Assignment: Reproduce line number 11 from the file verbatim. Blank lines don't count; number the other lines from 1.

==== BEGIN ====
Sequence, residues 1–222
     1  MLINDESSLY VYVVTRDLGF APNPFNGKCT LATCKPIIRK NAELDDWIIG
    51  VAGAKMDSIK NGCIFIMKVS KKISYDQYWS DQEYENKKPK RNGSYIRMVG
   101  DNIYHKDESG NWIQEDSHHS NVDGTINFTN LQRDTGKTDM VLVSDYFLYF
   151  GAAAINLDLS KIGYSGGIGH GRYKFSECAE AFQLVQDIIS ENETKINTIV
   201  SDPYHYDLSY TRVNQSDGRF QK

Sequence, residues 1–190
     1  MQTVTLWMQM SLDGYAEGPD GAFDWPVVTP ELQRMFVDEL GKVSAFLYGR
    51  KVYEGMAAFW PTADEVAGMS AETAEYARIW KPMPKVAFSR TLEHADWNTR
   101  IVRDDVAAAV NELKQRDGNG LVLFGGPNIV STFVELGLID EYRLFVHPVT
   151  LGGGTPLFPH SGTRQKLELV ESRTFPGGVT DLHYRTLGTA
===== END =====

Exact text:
   151  LGGGTPLFPH SGTRQKLELV ESRTFPGGVT DLHYRTLGTA